Beer reigns supreme at Fork and Barrel

The East Falls pub and restaurant is lighted only with candles.
The East Falls pub and restaurant is lighted only with candles.
Posted: November 18, 2010

As the song goes, "In heaven there is no beer," but East Falls has plenty at Fork and Barrel, the 6-week-old European beer haven.

Fork and Barrel is the latest creation of Matt Scheller and Matt and Colleen Swartz, the Lehigh Valley trio who own and operate the Tap and Table and the Bookstore Speakeasy.

They've ventured into Philadelphia with the concept of pairing a wide array of lesser-known European beers with dishes that are classically inspired farmhouse fare.

Scheller heads up the beverage program that is so beer-centric, there's no wine or spirits. The list runs the gamut from the obscure and exalted for the geek to something a nonbeer drinker can enjoy. Besides a five-page menu of drafts and bottles, there's always a gravity pour tapped on the weekend.

Fork and Barrel's chef, Peter Felton, heads up an ambitious kitchen that not only pairs beer with food, but also uses it as an ingredient.

You'll find German dunkel lager in braised short ribs or a Flemish red ale in the mussels.

We began with the house-made Bavarian Pretzel ($4) with mustard. Yeah, I know Philly is the soft-pretzel king, but with its tougher skin that yields to a softer interior, the Bavarian can rule as well. Fork and Barrel ups the game by serving it with a honey mustard and a blue-cheese mustard.

The Artisan Cheese "fondue" ($12) wears the quotation marks on the menu because this is neither the classic hot pot at the table nor the combination of traditional Swiss cheeses.

Instead, a mixture of melted mascarpone, gruyere and fontina cheeses are blended with a witbier and served in a porcelain ramekin. The beer adds some sweetness, and the mascarpone keeps the cheeses blended.

The accompanying candied walnuts were a nice touch, but the bread would have been better served in chunks as it is in a true fondue, rather than thin slices. The slices were difficult to dip, and we eventually just submerged the entire piece in the melt and retrieved it with a fork.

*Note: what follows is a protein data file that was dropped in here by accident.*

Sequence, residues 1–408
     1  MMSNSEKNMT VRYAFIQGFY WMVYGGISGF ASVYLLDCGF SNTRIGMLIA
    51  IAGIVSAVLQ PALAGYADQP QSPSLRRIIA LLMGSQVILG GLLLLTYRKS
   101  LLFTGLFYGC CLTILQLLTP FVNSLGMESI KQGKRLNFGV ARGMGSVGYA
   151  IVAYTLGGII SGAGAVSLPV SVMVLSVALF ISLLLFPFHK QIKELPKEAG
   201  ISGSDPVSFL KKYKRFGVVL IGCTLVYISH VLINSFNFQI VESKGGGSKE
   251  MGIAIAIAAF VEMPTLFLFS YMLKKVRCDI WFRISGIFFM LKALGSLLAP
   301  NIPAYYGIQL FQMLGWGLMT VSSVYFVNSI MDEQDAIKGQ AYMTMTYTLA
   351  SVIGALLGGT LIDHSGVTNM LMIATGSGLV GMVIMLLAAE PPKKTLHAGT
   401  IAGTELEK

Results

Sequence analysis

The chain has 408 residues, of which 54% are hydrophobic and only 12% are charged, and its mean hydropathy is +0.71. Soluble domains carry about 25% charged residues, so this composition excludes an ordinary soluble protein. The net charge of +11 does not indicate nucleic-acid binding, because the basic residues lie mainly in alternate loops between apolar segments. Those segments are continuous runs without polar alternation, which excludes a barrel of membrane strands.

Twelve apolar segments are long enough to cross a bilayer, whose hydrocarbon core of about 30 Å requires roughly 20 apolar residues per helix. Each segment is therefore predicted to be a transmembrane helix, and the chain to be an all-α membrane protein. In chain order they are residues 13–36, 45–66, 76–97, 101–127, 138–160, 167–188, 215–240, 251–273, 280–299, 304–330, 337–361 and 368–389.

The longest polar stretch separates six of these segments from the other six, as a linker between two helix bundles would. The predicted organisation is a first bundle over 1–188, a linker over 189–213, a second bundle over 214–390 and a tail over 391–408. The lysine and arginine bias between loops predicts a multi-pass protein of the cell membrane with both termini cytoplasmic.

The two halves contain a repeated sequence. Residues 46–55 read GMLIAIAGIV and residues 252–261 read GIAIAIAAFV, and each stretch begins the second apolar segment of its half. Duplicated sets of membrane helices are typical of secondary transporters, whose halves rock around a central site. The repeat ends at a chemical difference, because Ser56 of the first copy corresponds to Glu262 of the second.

In many ways, beer makes a better pairing with cheese than wine. We opted for the cheese-plate offerings that include a choice of one for $7, three for $18 or four for $24. Our sampling included a French Fromager d'Affinois, a Tete de Moine, also from France, and an English Marieke aged Gouda. All were good, but a little more diversity in the cheese offerings would be better as our choices were limited to cow and sheep.

The Oysters on the half shell (6 for $14) were disappointing. To begin with, the menu offered East and West Coast varieties, but only the East Coast was available, and they were small and tasteless.

On the other hand, the mignonette tweaked with the addition of a St. Louis Framboise could have been stellar with a good oyster.

An example of Fork and Barrel's quest for authenticity is the Belgian Waterzooi ($8). This chowder is traditionally made with fresh- or saltwater fish, potatoes, leeks and carrots. In a classic dish, a liaison of cream and egg yolks makes a thick broth. Here, there's no egg binder, but a Gueuze Lambic brightens the dish with its sour complexity.

Sadly, the Whole Rainbow Trout ($18) was as flat as a long-opened can of beer. Both the taste and the texture could only be described as flabby.

The hazelnut "dusting" did nothing to save what seemed like less than fresh fish. The witbier buerre sauce and the side of green beans would have made a great dish if the fish had been better.

On the other hand, the Wild Boar Bratwurst ($16) held promise as it paired extremely well with the recommended Timmermans Strawberry Lambic ($7). Unfortunately, the cabbage and other vegetables were undercooked.

Other beers we enjoyed were the Bourgogne DesFlandres ($7), a Flemish brown, sour ale with fermented lambic. I particularly liked that it wasn't a typical beer taste. A surprise was the Birrificio Italiano Vudu ($9), a German dark wheat-style beer from Italy.

Another great pairing was the Chocolate Chip Bread Pudding ($8) for dessert with the Nogne O Imperial Porter ($14). The beer made the chocolate more chocolaty - never a bad thing.

I was impressed with our server's knowledge of the beer list and his ability to pull together food pairings. All of his suggestions were dead-on and broadened my beer palate. It's clear there has to be serious, ongoing training for the waitstaff to be able to talk in depth to the beer geek as well as find something drinkable for the usual wine quaffer.

In this market it would be easy to phone-in a gastropub concept, so it's to Fork and Barrel's credit that there is this reach to bring an experience that is a notch above in both food and beverage.

The kitchen has some shortcomings on the large plates, but that's to be expected when a high bar is set. There are plenty of smaller plate offerings that hit the mark, and no doubt the kitchen will grow into the ambition.

Fork and Barrel is also expanding upstairs into an American Cask Saloon offering 29 stateside craft beers, upscale hot dogs and a live-jazz program. And, no, there's no European Union tariff on ordering an American beer upstairs and bringing it downstairs.

Much has been made of the atmospheric candle lighting. Sure, it makes me feel as if I'm in a Belgium monastery, but it also makes me feel 90 years old because I can't even read the menu or actually see much of what is on the plate. I'd definitely be in favor of few more watts.

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